Politicians on both sides of the aisle have become the target of public anger for their collective failure to cope with a scandal engulfing President Park Geun-hye.
Above all, lawmakers of the ruling Saenuri Party are being scrutinized for not heeding the public’s demand to impeach the scandal-ridden president. They complain of receiving hundreds of phone calls and text messages from angry voters.
The Saenuri Party on Friday filed a legal complaint against a lawmaker from the main opposition, Rep. Pyo Chang-won of the Democratic Party of Korea, for releasing a list of party lawmakers who he claimed have opposed Park’s impeachment.
The party claimed Pyo had violated their privacy and interfered with their official duties
While some 2 million people took to the streets across the nation Saturday to demand Park’s immediate resignation, some 3,000 gathered in front of the Saenuri Party headquarters in Yeouido in Seoul.
With citizens’ fury directed at the ruling party, protesters shouted, “Disassemble Saenuri,” and tore a large Saenuri flag. Some participants threw eggs at the windows of the building.
The protesters said that the Saenuri Party’s push for the resignation of the president in April and a presidential election in June was “a strategic survival plan” and claimed that “a suspect Park” should not be allowed to resign “in honor.”
“It is those 28 (Saenuri) lawmakers versus 2 million street protesters and other citizens fighting for the immediate resignation of Park,” said Kim Young-mi, a citizen who participated in Saturday’s rally.
Soon after Pyo’s list was released, an anonymous source uploaded the lawmakers’ phone numbers online. Saenuri members complained about their phones ringing in early hours while others suffered from a bombardment of mocking text messages from angry citizens.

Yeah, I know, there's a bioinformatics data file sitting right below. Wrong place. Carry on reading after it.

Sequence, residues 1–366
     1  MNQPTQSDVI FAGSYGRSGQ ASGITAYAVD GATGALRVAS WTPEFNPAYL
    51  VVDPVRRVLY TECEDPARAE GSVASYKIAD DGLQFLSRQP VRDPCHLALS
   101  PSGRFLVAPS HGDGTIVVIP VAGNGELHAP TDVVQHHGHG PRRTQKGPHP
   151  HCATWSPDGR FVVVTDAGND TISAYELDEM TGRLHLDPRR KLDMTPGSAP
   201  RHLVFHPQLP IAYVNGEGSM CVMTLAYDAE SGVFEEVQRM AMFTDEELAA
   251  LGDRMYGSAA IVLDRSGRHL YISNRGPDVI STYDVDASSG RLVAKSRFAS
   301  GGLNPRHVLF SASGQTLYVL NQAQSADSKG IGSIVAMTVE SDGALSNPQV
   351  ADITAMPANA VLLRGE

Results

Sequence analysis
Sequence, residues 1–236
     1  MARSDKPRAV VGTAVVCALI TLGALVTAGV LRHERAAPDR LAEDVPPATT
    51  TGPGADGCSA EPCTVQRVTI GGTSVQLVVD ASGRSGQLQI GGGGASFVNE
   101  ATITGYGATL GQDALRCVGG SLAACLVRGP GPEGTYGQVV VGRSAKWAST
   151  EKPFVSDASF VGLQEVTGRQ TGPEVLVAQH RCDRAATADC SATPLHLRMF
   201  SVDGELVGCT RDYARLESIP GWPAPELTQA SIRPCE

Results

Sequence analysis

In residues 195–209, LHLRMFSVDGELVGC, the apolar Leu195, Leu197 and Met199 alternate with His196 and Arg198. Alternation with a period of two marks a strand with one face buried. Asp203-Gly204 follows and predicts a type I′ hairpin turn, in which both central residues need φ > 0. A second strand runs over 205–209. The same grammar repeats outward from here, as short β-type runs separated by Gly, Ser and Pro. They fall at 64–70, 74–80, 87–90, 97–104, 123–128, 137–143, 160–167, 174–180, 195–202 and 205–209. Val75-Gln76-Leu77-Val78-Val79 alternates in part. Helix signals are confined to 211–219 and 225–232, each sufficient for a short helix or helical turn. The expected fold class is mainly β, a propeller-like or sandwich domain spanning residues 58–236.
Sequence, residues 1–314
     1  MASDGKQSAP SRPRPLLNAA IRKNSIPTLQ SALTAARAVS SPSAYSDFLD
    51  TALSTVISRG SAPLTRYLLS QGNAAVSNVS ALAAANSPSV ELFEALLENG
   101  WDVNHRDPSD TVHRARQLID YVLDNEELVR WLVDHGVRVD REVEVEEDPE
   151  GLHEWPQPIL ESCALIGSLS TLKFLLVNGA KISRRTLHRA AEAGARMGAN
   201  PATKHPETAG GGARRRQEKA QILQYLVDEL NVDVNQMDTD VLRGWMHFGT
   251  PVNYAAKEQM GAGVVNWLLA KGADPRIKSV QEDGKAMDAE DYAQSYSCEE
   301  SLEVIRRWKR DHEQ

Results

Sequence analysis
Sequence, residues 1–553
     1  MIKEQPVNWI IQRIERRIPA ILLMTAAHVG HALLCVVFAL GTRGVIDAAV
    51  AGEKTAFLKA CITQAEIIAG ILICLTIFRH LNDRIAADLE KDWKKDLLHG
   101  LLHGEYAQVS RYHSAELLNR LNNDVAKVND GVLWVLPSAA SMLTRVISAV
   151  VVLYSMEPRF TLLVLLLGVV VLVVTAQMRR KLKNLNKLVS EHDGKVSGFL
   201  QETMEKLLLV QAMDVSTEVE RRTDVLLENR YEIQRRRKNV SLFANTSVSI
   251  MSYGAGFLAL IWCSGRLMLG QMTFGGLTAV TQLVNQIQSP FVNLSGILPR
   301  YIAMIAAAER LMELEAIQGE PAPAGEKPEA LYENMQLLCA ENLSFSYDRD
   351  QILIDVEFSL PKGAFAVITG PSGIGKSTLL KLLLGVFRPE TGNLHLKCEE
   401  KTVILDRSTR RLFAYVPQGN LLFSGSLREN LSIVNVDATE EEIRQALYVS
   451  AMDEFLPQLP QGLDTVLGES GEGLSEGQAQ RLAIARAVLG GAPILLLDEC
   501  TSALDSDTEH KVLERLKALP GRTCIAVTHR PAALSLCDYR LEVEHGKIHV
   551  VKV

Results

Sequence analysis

The ruling party suspected a possible link between Pyo and the phone number distributor, and demanded for a thorough probe of the leak.
“The phone numbers were revealed at around the time Rep. Pyo posted the list online. There are possibilities of collusion,” a Saenuri lawmaker said.
Sharing the news article reporting Saenuri’s lawsuit on his Facebook on Sunday, Rep. Pyo said he “welcomed” the ruling party’s move.
“Unlike Park Geun-hye or pro-Park lawmakers, I actually abide by the law. I will (actively) cooperate in the probe,” he wrote, referring to President Park’s previous refusals to the prosecution’s requests for face-to-face questioning.
Pyo said in his previous Facebook and Twitter posts that he would take the blame from the ruling party lawmakers but said their distress is the result of public sentiment.
He added that he would update the list of legislators that disagreed with the impeachment plan, which, he claims has been figured out based on a fair evaluation of news reports and statements the lawmakers have publicly made.
Representatives of three opposition parties hand in the impeachment motion against President Park Geun-hye to the National Assembly secretariat on Saturday. The bill has been signed by the parties’ 171 lawmakers. From right: Reps. Lee Choon-suak of the Democratic Party of Korea, Kim Kwan-young of People’s Party and Lee Jung-mi from Justice Party. (Yonhap)
The opposition People’s Party’s leader Park Jie-won also faced strong criticism when he came out to participate in the sixth rally in central Seoul Saturday, with some protesters calling the party a “second army of Saenuri Party.”
The opposition party opposed the Democratic Party’s proposal to hold an early vote last Friday to impeach President Park, delaying the official voting a week from the suggested date.
He reportedly received some 20,000 text messages and numerous phone calls from angry citizens who seek to remove President Park from office as soon as possible after he made the statement.
He also made some controversial remarks in a televised interview with a local news program Thursday, saying that over 70 to 80 percent of citizens agree the Constitution should be amended.
Seven out of 10 citizens disagreed with the idea of making a Constitutional revision before the impeachment, according to survey released by one of the nation’s pollster RealMeter Thursday.
Early on Saturday, the three opposition parties submitted a motion to impeach Park for violating the constitutional order. For the motion to pass, at least 28 lawmakers from the ruling Saenuri Party need to vote for it, as it requires a two-thirds majority in the 300-member National Assembly.
Currently, 171 assembly members from outside the Saenuri Party have signed on to support the motion. The motion will officially be placed to vote on Friday.
The ruling party suffers from a split between the conservative leadership loyal to President Park and her dissenters, with the former group arguing for the president to step down voluntarily in April but refusing to vote for impeachment.
By Jo He-rim (email@example.com)